Where should new estates go? It's time to speak out
Posted on June 19, 2007
Anne Cox reports on the launch of 43,000-home public consultation.
The public is finally having its say on controversial plans to build thousands of homes in Leighton-Linslade - but they're being warned that there is now no stopping the development of the area.
Road-shows, manned by planners and council officers, will be coming to the town and nearby villages in July at the start of a three-month consultation exercise asking for the public's views on where massive new house building should go. There will be leaflets to every house in the district and an informative website. Everyone is being invited to comment.
But what they can't say is that "we don't want it." Councillor Tom Nicols, head of a powerful planning committee charged with finding room for 43,000 homes in Luton and South Beds, said development had to go somewhere in the areas indicated in yellow and purple on the map above, and it was now up to the public to give their opinions on where. "Saying no is not an option," he said.
The yellow patches are proposed areas where expansion will be considered. Villages circled with purple could also be in the frame for some development, but the areas finally approved for development may be smaller in size.
Click image for full sized version.
There is a discernable change in tone from the draft consultation document revealed only seven weeks ago on May 1. That suggested that Leighton-Linslade and nearby villages could be completely spared from further development if enough people spoke out strongly against it. Five out of ten option maps shown in the draft did not include any new estates for the town at all and only one option out of ten proposed building in our villages. Half the options indicated that all of the new homes could be fitted around Luton and Dunstable.
Now, however, councillors are talking in a manner that makes clear they would only permit this to happen if they could be persuaded by a very strong, factual case indeed. Realistically, it seems Leighton must expect more estate building - the main questions are how much and where.
The committee had originally been told to site new homes in areas of deprivation - parts of Luton, Dunstable and Houghton Regis - in the hope that the accompanying infrastructure would regenerate the region. Leighton-Linslade had not been included in the equation.
But Ian Slater, Luton Council's head of planning, told a press conference to launch the consultation exercise: "Because Leighton-Linslade Town Council argued strongly that it wanted growth the government suggested we looked at Leighton-Linslade."
Initially the Luton/Dunstable/ Houghton Regis and Leighton-Linslade growth area joint planning and transportation committee asked landowners simply to identify any areas capable of sustaining housing.
While most came back earmarking plots of land in the district, a group of developers, headed by Arnold White and Willis Dawson, went one further and commissioned an in-depth blueprint on expanding the town by a third. They also encouraged local landowners to join their Eastern Leighton-Linslade Partnership with claims of offers of up to £lmillion an acre.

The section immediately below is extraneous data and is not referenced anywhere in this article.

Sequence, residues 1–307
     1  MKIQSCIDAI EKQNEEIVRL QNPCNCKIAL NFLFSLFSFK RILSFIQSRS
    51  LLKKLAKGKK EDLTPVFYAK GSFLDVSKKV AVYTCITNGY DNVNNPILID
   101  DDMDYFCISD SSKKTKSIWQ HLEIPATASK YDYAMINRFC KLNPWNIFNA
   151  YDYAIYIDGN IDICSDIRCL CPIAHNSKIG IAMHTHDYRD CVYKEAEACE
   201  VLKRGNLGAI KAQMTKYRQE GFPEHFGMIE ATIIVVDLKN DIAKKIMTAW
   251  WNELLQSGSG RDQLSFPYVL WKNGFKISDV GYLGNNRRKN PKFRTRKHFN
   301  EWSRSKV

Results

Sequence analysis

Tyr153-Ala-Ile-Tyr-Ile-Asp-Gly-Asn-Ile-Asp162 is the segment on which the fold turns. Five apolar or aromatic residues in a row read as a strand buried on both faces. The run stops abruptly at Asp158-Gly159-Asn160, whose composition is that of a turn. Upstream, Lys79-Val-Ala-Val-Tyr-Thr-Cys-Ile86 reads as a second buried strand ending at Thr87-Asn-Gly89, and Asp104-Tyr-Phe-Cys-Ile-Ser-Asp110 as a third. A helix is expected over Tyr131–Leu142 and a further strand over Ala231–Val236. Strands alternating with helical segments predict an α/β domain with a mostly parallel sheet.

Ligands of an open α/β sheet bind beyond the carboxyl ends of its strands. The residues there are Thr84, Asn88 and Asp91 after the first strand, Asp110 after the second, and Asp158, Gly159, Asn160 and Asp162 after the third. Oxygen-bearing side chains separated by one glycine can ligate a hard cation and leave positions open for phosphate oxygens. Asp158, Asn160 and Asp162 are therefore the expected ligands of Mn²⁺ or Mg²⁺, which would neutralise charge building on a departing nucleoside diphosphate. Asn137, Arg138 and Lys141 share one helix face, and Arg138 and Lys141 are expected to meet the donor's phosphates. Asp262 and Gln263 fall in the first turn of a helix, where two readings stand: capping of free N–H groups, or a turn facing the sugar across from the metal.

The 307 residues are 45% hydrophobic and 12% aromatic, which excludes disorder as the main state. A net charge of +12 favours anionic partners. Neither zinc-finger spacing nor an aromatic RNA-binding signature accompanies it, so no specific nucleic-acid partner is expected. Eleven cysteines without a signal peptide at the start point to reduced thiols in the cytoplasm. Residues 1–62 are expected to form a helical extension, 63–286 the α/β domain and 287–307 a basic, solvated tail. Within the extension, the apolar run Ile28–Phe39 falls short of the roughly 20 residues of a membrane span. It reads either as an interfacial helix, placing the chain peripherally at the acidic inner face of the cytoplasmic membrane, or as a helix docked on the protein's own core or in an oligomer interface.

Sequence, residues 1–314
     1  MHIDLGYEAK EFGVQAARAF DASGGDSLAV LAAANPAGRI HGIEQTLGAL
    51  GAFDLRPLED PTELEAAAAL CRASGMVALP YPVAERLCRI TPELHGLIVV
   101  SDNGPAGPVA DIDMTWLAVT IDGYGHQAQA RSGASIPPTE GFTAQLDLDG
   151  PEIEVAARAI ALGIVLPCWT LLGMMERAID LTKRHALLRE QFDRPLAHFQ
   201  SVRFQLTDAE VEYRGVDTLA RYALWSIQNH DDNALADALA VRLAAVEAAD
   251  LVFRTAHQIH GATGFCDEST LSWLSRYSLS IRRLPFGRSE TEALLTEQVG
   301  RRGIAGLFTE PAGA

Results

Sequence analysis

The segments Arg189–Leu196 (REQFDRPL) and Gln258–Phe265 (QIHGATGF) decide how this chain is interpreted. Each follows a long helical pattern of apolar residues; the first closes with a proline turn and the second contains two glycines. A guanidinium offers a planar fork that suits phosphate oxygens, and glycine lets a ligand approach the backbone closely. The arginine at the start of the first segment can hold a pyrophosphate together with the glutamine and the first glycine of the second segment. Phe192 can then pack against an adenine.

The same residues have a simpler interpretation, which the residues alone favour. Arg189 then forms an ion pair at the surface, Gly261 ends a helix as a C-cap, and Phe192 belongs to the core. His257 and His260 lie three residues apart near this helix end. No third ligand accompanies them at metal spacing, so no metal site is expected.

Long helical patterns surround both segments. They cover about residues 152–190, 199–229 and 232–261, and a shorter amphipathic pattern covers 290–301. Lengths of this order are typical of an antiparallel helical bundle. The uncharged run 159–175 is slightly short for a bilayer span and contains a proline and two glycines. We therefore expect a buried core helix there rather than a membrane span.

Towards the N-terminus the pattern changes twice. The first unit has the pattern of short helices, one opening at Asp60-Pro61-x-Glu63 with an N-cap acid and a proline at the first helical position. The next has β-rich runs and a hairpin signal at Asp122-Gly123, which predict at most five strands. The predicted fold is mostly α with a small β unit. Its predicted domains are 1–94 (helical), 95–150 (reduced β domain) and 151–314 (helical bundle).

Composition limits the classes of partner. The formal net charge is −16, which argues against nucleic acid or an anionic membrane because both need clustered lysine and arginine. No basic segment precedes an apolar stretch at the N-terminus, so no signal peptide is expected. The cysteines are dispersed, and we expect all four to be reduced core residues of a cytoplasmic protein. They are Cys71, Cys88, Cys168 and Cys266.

A storm of protest erupted in September after the LBO exclusively revealed details of their planning brief. It suggested a scheme to site at least 6,000 houses (first phase) plus £50million of infrastructure that will include a new arterial duel-carriageway running from the Leighton Bypass to Heath Road, shops, schools, health centre, employment zones and leisure facilities.
Planners from both South Beds and Luton have studied developers' and land-owners representations and have now released an initial blueprint outlining options for growth. The maps for Leighton-Linslade highlight the east Leighton scheme plus two additional pockets of development, off Wing Road and Derwent Road, Linslade. Heath and Reach, Eaton Bray and Hockliffe are also flagged up for limited expansion while the edge of Eggington may be swallowed up by the vast eastern expansion zone.
Cllr Nicols said he wanted the public to come back with their ideas on where building should take place and the density of growth they preferred. He said: "If you go for low density, which people would demand, then we will need more land - people's paddocks will disappear.
"If we have high density then we subject the population to a less than suitable lifestyle. We want the public to give us a sense of balance.
"We won't agree the planning carte blanche. We don't want to see pieces just tacked onto Leighton-Linslade. We need to have key infrastructure in place and to integrate the growth into the existing area."
Mr Slater said the scale of growth was "massive".
"Development of this scale will require thousands of hectares but it is an amazing opportunity for the ' public to become involved," he said.
Building is not expected to begin until 2011.
Source: Leighton Buzzard Observer, 19 June 2007
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